Assets and Technical Capabilities
This page has been updated as of January 2016
The Air Resources Board has a wide selection of specialized equipment for use during deployments. Gas analyzers, meteorological sensors, plume modeling software, and more are all utilized to complete mission tasks and to aid both first responders and the surrounding community in the event of an air emergency. The entire array of the ARB's technical capabilities regarding emergency response is displayed below. New equipment is always being considered for adoption in the interest of keeping a technological edge, and this page is updated periodically to reflect these new additions. "Technical Capabilities" describes the range of functions that the field staff of the ARB is capable of performing while on deployment.
The Microdust unit is an essential tool in the ARB's arsenal. It is a real-time particulate monitor capable of giving the user instantaneous data on the amount of particulate matter in the air at the size most harmful to people (2.5 µg/m3). The Microdust is a nephelometer that uses a forward light-scattering technique to detect the concentration of particles in the air, and it has an environmental enclosure with an air pump and battery for use in extended data- logging activities. The ARB has access to four of these units, each of which can be set up around the outside perimeter of an ongoing air mergency for short-term monitoring of the spread of wildfire smoke or other airborne particulates. The Microdust is extremely portable and quick to set up, allowing for a rapid response time when actionable data needs to be generated quickly.
The AreaRae is a gas detector with sensors that can detect VOCs (volatile organic compounds), oxygen, ammonia, carbon monoxide, and combustible gases. Rechargeable Lithium-ion batteries provide a 24-hour lifespan, and a wireless radio frequency modem allows each unit to communicate with the others and to transmit real-time data to a remote base controller. In fact, many first responder agencies have their own supply of AreaRAE units, and the four units available to the emergency response field staff are able to sync with these other AreaRAE networks for joint monitoring activities.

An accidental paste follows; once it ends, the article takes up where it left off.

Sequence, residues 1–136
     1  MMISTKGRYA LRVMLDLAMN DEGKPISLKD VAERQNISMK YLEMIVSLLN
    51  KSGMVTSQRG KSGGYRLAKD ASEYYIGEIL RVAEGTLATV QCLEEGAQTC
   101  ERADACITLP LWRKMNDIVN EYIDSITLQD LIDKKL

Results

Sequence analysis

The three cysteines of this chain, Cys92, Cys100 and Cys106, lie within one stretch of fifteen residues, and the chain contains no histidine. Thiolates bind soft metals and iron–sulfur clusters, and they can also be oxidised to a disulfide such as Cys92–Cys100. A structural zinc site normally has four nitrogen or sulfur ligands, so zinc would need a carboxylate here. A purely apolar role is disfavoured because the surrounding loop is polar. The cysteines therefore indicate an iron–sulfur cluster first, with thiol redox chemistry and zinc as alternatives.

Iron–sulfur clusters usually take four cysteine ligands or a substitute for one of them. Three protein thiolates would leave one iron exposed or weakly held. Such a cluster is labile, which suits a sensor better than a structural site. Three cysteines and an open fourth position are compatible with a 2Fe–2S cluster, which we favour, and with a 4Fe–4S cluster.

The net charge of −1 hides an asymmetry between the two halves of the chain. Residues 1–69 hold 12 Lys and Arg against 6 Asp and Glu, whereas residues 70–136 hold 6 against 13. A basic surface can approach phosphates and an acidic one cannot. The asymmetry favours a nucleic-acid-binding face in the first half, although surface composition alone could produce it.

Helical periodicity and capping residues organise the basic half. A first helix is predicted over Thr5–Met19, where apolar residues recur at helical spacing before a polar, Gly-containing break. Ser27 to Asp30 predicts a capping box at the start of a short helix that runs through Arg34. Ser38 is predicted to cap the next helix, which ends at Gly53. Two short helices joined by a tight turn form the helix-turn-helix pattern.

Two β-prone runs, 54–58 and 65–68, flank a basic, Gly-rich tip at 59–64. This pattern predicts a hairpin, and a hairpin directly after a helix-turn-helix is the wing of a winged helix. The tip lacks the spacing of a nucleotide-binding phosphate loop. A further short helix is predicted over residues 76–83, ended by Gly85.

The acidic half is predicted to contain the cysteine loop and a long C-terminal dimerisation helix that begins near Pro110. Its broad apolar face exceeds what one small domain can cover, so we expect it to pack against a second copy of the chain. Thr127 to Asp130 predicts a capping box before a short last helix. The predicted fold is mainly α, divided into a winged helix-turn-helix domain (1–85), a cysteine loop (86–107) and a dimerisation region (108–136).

The E-BAM is similar in function to the Microdust unit, but is better suited to long-term deployment and monitoring activities. The E-BAM is still highly portable and easy to both set up and take down, but is built to withstand prolonged exposure to harsh environmental conditions; as such, it is the ideal unit to set up with the intent to gather data remotely over the course of days, weeks, or even months. The E-BAM is equipped with telemetry allowing for satellite communication, giving the E-BAM the ability to transmit data hourly to AIRNow-Tech (more information on AirNow under related links in the navigation menu) where the data can be viewed online in real-time. E-BAM's are typically deployed for long-term community monitoring of on-going wildfires.
The pppRAE is a photo-ionization detector (PID) capable of sensing extremely minute quantities of VOCs, even into the parts-per-billion range. The ARB has two ppbRAE units, and -- like its cousin the AreaRAE -- it is capable of real-time remote monitoring, with the data being routed through a joint network of connected ppbRAE and/or AreaRAE units and sent to a remote station.
The Weatherpak is an extremely hardy, extremely portable, and extremely easy to set up weather tower capable of wireless meteorological data transmission to a host receiver via radio frequency. The data from the Weatherpak can be automatically routed through plume-modeling software such as ALOHA to create an accurate and near-instantaneous model of predicted hazardous gas plume migration.
RAWS (Remote Automated Weather Stations)The Remote Automatic Weather Stations monitor the weather and provide weather data that assists our emergency response team with a variety of projects such as monitoring air quality, rating fire danger, and providing information for research applications. The RAWS collects, stores and then transmits the data via the Geostationary Operational Environmental Satellite (GOES).
- Gas and particulate plume modeling using real-time onsite weather data including NARAC, ALOHA, ISCST, and HYSPLIT.
- Evaluate emission rates and estimate source term for models.
- Provide background data for pre-incident concentration comparisons.
- Provide air quality information to local health officials for assessing potential health and safety impacts to surrounding communities.
- Maintain public health assessment resources for emergency response.
- 23-foot field surveillance vehicle with internet connectivity, video monitors, generator, equipment storage, and workstations for a deployment team of four.